As China slows down, India can be a very powerful driver: FM

Jaitley, who is on a six-day investor-wooing visit to Japan, however, said no one country can really replace another because the world has enough space for major economies to emerge.

PTI| Last Updated: May 31, 2016, 13:22 PM IST
As China slows down, India can be a very powerful driver: FM

Tokyo: With China slowing down, the world is now looking for "other shoulders to rest its growth on" and India, with planned infrastructure spending to bridge deficit, can be a very powerful driver, Finance Minister Arun Jaitley said today.

Speaking at 'The Future of Asia' Conference organised by Nikkei Inc, he said China shouldered almost 50 percent of global growth over the last few years.

With its economy slowing down, "the ability of China to shoulder that percentage of growth may not be there and therefore the world also is now looking for other shoulders to rest its growth on.

"And since we have a lot of infrastructure deficit and expenditure still to undertake and I think all that is going to be a very powerful driver of economic growth in India," he said.

Jaitley, who is on a six-day investor-wooing visit to Japan, however, said no one country can really replace another because the world has enough space for major economies to emerge.

China started growing at a much faster pace ahead of India and therefore has maintained a higher level of GDP. But the current slowdown has meant it is "going through a structural transition into a more consumption, service oriented economy", he said.

And so India's growth rate has moved higher than China. "But China will always remain a major economy," he said.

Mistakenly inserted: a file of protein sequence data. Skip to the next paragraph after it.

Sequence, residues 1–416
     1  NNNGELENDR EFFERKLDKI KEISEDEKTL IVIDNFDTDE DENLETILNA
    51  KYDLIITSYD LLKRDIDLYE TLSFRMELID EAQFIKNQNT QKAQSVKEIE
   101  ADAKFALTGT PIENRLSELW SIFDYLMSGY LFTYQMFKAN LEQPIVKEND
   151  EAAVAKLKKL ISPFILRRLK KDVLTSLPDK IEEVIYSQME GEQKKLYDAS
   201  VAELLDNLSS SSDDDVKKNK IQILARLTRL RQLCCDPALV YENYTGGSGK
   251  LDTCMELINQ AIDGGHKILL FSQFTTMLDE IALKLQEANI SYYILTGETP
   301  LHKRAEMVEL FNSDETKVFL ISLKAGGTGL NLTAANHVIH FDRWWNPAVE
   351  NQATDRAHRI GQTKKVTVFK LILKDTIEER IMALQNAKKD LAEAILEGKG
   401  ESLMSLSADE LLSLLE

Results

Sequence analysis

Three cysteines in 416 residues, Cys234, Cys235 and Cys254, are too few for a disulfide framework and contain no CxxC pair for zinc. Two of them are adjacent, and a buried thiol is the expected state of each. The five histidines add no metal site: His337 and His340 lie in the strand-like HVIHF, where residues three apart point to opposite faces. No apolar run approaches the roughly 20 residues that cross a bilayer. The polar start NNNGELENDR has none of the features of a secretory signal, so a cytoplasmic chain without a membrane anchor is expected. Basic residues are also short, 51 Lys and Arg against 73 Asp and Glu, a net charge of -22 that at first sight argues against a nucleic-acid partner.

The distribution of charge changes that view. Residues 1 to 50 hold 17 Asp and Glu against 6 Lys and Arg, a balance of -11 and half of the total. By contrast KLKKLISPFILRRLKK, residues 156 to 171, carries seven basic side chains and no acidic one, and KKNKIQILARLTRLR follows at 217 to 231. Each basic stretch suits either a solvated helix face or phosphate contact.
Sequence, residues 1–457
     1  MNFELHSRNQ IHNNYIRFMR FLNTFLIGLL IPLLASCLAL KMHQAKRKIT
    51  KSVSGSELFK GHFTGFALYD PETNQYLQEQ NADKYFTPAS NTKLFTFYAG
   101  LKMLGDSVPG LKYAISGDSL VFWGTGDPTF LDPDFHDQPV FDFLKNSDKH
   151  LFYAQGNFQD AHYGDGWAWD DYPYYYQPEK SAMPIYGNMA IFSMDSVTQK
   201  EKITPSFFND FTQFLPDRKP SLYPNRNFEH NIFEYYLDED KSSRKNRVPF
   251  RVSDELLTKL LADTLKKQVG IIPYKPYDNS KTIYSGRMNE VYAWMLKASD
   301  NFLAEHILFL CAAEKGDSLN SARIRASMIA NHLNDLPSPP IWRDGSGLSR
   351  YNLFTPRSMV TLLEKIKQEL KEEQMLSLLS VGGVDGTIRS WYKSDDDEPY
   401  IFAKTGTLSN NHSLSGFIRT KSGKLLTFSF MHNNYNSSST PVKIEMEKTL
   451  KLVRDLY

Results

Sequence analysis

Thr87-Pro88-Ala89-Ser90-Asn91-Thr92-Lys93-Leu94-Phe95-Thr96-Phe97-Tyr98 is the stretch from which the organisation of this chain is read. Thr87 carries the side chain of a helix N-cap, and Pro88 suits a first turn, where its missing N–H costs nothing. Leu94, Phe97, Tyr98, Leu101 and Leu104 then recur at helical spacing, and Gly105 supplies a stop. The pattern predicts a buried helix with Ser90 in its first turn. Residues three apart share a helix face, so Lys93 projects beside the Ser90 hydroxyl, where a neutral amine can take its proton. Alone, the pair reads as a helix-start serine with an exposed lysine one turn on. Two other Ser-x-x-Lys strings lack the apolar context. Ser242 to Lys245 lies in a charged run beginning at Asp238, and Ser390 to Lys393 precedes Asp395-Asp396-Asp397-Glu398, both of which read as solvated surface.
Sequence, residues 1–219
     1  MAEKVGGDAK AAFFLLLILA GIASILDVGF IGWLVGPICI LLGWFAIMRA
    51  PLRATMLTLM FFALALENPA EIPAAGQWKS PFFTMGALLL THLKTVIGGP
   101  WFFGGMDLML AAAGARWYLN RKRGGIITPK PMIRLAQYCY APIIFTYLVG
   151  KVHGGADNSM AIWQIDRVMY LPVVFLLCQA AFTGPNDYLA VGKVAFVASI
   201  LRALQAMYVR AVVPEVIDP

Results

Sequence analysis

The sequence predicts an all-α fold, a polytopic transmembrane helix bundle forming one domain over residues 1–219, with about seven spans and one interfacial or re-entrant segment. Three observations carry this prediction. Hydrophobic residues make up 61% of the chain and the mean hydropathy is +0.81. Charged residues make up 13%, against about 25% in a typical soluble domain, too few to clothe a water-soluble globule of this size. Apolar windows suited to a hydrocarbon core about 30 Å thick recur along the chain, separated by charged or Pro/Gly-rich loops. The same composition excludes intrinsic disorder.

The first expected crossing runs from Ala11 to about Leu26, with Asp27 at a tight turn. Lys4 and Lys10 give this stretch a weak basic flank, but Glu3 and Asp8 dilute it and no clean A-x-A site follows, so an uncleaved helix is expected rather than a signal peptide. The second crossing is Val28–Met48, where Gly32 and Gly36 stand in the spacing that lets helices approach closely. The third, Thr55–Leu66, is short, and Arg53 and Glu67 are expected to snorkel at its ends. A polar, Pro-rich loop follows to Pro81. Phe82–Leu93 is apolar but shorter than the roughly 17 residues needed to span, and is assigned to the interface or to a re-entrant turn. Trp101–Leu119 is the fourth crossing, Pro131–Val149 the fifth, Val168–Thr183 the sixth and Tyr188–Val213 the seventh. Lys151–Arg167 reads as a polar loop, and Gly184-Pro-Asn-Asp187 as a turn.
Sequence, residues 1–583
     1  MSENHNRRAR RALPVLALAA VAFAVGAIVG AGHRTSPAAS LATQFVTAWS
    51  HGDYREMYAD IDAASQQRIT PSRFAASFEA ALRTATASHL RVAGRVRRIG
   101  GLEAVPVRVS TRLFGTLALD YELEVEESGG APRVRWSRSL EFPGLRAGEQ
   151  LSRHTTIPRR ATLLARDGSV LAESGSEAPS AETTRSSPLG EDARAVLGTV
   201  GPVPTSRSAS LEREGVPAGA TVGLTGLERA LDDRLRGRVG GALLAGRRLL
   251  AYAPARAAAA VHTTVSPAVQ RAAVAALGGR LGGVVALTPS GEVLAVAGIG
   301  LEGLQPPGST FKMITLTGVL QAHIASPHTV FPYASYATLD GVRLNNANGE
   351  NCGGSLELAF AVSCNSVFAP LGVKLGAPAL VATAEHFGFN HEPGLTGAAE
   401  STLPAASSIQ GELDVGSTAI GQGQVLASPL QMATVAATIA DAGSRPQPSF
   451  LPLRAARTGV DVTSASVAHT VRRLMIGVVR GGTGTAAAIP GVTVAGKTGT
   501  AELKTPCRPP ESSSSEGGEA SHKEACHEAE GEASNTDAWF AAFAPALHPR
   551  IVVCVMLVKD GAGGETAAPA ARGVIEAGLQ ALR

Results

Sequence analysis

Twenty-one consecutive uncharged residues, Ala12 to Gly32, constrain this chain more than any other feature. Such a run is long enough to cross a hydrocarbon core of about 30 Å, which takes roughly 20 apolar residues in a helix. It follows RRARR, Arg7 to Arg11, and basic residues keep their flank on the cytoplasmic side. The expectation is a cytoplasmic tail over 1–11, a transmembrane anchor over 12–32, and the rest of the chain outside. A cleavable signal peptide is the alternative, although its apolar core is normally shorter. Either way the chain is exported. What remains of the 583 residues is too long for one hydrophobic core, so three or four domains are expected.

Finance Minister said even when global growth has slowed down to close to 3 per cent, developed world seems to be growing at lesser pace.

But, Asia has maintained growth around 6 per cent. "Chinese slowdown did impact the average Asian growth, which is now anticipated to be about 5.7 per cent. The Chienese developments do certainly (have) impact on Asia," he said.

Stating that China could not have grown 9-10 per cent indefinitely, the transition of its economy is taking its own time.

"But I have not the least doubt that an economy of that size even with the normal that they now predict, or something less than the normal, would still have a great impact both on Asia and the world," he said.

Jaitley said 40 per cent of world FDI now comes to Asia, whose growth rate today is 3 times faster than the developed world.

It is belatedly slowly now becoming the hub of trade integration.

"Whether it is the ASEAN, SAARC, RCEP or TPP... India always had a very important and powerful message for Asia," he said, adding it has established that it can grow nothwithstanding its diversity.

India, he said, has historically been a stabilising force and it stands committed to absolute peace and prosperity.

"So I think the structures for ensuring that peace in the region are still structures that are evolving as the economy of Asia is evolving and I am quite sure that India will be a major stabilising force in the region," he added.